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University personnel who participate in the procurement of materials, equipment, software, biologics, and other items can help facilitate understanding around export controls. The simple use of most equipment on campus does not constitute a deemed export to foreign nationals. However, in-depth knowledge and responsibility for the maintenance, assembly, repair, construction of, or operation of equipment may constitute a “use” under export regulations that could require a deemed export license. Additionally, access to ITAR-controlled equipment (i.e. equipment developed for a military purpose) requires access restrictions for all foreign nationals.

Prior to completing a purchase, University procurement personnel should ensure that export classifications (ECCN or USML category) are clearly understood for each purchased item. Often manufacturers of items will provide the export classification of purchased items, but please contact Export Control with questions or for help determining the classification of purchased items.

Procurement personnel should also review and answer the following questions before initiating a procurement transaction:

1. What items and research areas might trigger export controls?

In general, export-sensitive items (which can include instruments/components, software – executable or source code, raw or fabricated materials, or proprietary vendor or third-party information) are largely associated with the following research departments and disciplines:

  • Aerospace
  • Physics
  • Chemistry
  • Biology
  • Agriculture and life sciences
  • Engineering (all disciplines)
  • Mathematics
  • Earth/Environment/Geology
  • Marine/Coastal Science
  • Geography/Geo-spatial sciences

2. How do export controls work?

Items (instruments, software, materials information) may be export controlled either under the Export Administration Regulations’ (EAR) Commerce Control List (CCL dual use items) or as defense items under the International Traffic in Arms Regulations (ITAR) U.S. Munitions List (USML defense items).

  • Dual use items (civil by design but could inherently have a defense capability) that are controlled under the CCL are designated with Export Control Commodity Numbers (ECCNs), for example 6A002.a(1). If an item has no ECCN control, it is classified as EAR99.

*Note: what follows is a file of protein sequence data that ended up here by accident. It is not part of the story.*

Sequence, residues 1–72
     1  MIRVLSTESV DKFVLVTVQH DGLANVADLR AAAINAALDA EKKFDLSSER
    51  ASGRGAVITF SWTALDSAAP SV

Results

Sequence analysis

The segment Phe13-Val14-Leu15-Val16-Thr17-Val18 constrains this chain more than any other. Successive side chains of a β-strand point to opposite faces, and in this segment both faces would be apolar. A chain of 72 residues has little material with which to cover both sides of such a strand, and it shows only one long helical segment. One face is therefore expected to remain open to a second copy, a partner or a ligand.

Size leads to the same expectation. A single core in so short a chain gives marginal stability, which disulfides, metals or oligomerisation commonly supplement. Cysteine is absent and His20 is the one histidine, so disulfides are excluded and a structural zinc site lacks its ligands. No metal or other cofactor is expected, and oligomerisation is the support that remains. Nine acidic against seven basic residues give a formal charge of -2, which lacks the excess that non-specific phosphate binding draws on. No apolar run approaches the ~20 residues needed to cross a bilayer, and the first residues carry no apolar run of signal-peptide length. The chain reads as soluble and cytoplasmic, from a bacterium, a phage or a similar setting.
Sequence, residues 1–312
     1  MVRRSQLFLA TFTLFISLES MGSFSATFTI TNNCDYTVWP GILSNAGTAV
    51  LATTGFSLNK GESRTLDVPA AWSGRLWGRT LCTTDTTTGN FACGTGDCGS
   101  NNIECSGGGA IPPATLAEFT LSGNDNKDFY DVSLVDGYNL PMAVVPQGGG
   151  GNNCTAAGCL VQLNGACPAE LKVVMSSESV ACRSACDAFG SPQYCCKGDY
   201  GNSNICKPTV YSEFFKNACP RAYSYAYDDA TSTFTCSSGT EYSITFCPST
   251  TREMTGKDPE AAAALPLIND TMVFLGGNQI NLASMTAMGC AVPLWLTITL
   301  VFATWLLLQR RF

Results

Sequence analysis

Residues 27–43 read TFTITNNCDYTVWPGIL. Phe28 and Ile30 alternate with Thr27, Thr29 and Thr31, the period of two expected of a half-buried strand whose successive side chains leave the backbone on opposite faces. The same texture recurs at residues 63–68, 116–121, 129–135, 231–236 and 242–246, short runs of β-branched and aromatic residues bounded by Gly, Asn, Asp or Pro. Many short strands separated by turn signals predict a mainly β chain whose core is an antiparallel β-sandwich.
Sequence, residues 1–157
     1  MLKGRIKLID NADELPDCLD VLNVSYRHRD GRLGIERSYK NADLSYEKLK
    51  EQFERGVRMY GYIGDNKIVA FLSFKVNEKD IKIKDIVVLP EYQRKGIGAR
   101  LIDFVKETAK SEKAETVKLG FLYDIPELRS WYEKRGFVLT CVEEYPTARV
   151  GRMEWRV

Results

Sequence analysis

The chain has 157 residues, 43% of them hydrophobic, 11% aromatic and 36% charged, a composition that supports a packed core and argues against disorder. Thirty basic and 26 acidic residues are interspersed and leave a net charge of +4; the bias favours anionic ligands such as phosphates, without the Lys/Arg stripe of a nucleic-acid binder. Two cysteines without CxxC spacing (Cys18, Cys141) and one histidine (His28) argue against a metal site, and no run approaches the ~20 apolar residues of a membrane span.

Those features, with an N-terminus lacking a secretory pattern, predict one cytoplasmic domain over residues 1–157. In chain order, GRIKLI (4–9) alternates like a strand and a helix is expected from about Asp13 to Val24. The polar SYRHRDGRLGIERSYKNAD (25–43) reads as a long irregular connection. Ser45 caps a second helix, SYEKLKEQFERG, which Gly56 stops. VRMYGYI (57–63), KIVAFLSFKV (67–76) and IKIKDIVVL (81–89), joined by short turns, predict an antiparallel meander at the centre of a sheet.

• ITAR USML Items (those specially designed or modified for defense purposes) are designated by Roman numeral Categories I-XXII and further delineated through various alphabetized sub parts (for example, Category VIII(a)). ITAR items are the most critical concern, because the State Department tightly restricts foreign national access to an ITAR item, regardless of whether or not there is an intention to use the item or an understanding of how to use it. This can include visual access in the laboratory environment. EAR restrictions on the other hand, are “use-based” restrictions: access to and use of the item is generally not at issue, absent certain other activities (e.g. installation, repair, maintenance, etc., and/or exposure to a vendor’s proprietary export control design information).
  • ITAR restrictions operate even in the context of open laboratory, fundamental research projects pursuant to which no other citizenship or publication restrictions have been accepted. Therefore, because of the access threshold, it is essential to understand whether an item is specifically ITAR controlled prior to its incorporation into the research environment. The fact that the item can be purchased commercially does not remove its controlled status. Buyers, licensees or other types of recipients of ITAR items remain responsible for managing the applicable international transfer and foreign national restrictions.

3. What types of items are of export control concern?

Dual Use Items – EAR (Export Administration Regulations): civil but capable of a defense function

Note: Ordinary laboratory consumables and standard office supplies, including business computers, can be ignored. Exception: High Performance Computing (HPC) computational or storage units and related information security features are within the scope of inquiry.

Instruments of concern are those designed to accomplish a particular specialized purpose such as analytical, detecting, imaging, measuring, positioning, or other specialized scientific purpose; radiation safety equipment; any item radiation-hardened. Software of concern includes executable code that operates the foregoing types instruments, as well as certain analytic, computational, imaging and simulation software; proprietary (non-published) source code; biological materials (including Biosafety Level 2+ materials). An illustrative list (though by no means comprehensive) includes the following:

  • Gas monitoring and filtration devices
  • Precision tooling and optical lens instruments
  • Semi-conductor substrate development and lithography equipment
  • Microcircuits (including but not limited to FPGAs)
  • PDK design kits